Public sector workers should work longer hours: SER
Teachers, care workers and defense staff must be motivated to work longer hours in the short term to avoid staff shortages in future, the social economic council SER has said.
The government advisory body’s report comes just weeks ahead of a government initiative to tackle staff shortages in the public sector.
Action needs to be taken now if the current level of public services is to be maintained, SER said.
The lack of teachers, for example, will lead to a lower level of education while big ambitions regarding climate and the construction of new housing will run into trouble because of a lack of workers.
It is up to the government to make sure longer hours are worth people’s while by lowering taxes, providing more flexible childcare and lightening the administrative burden which drives many out of the public sector, SER economist Bas ter Weel told broadcaster NOS.
‘It is, of course, up to people themselves to decide how many hours they want to work but we know that by offering certain incentives people will want to increase their hours,’ he said.
To up productivity, the council said people with jobs should work more hours while more needs to be done to get job seekers and the unemployed people into work.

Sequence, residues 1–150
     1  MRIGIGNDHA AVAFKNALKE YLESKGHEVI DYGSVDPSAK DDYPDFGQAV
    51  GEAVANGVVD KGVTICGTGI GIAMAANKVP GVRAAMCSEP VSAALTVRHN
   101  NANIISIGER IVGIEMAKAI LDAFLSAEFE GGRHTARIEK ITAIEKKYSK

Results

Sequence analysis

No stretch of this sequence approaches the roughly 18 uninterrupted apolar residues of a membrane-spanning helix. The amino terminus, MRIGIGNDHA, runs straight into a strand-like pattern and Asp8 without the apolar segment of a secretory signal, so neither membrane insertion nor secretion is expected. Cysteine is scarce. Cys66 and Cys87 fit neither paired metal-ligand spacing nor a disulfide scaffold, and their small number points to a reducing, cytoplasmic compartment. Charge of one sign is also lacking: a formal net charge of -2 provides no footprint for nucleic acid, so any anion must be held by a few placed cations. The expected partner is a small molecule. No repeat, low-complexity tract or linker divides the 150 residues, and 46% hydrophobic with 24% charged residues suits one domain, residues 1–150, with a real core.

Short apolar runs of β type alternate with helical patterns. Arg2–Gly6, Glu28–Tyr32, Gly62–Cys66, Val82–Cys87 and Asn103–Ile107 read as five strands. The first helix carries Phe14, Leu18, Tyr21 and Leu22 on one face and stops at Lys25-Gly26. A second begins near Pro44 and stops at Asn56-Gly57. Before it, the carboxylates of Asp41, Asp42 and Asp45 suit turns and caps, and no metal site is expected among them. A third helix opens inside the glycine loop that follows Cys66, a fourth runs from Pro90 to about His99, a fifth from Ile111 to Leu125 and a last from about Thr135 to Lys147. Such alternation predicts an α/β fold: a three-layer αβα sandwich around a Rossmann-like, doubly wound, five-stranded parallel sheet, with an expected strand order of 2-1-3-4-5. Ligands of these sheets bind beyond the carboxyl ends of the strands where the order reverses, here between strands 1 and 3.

Care workers and teachers who often work part time but who would like to work more hours are often discouraged because they think employers are not open to discussing the subject, Ter Weel said.
SER warned that flexible childcare must be provided if the scheme is to work. However, the sector is struggling with staff shortages itself, with 50,000 vacancies to be filled in the next ten years.
Pensioners too, should be appealed to to take up the slack in many sectors. ‘The number of vibrant elderly will grow in the next few years’, the report said.
The report said little about assigning a role to migrant workers from outside the EU to increase productivity. Migrants can be part of the solution, SER writes, but more research needs to be done to find out which sectors would benefit. The council does say refugees with residence permits should be helped to get a job more quickly.
The council will publish a more detailed version of its recommendations in the autumn.
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